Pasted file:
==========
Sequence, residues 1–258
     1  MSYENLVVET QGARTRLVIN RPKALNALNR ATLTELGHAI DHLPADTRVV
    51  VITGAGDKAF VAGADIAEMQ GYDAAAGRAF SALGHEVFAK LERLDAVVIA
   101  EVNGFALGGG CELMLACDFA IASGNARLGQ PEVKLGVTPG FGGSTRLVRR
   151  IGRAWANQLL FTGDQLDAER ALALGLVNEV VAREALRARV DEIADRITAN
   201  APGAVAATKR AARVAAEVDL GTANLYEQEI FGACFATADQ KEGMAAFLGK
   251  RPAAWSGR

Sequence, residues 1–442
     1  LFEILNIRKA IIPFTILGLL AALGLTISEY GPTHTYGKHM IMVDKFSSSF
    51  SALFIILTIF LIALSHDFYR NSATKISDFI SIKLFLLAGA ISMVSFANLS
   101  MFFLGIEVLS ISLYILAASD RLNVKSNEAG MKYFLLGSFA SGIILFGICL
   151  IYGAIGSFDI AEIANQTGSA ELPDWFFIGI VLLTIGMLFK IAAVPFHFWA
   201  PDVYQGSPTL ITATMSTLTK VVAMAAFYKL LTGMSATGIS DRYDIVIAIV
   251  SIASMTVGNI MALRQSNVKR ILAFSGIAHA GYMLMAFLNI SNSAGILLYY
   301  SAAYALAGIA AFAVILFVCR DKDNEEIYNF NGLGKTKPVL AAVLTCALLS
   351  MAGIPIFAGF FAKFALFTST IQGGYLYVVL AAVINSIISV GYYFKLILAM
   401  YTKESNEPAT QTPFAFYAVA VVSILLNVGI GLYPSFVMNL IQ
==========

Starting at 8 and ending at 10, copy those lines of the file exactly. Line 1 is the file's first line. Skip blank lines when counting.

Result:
Sequence, residues 1–442
     1  LFEILNIRKA IIPFTILGLL AALGLTISEY GPTHTYGKHM IMVDKFSSSF
    51  SALFIILTIF LIALSHDFYR NSATKISDFI SIKLFLLAGA ISMVSFANLS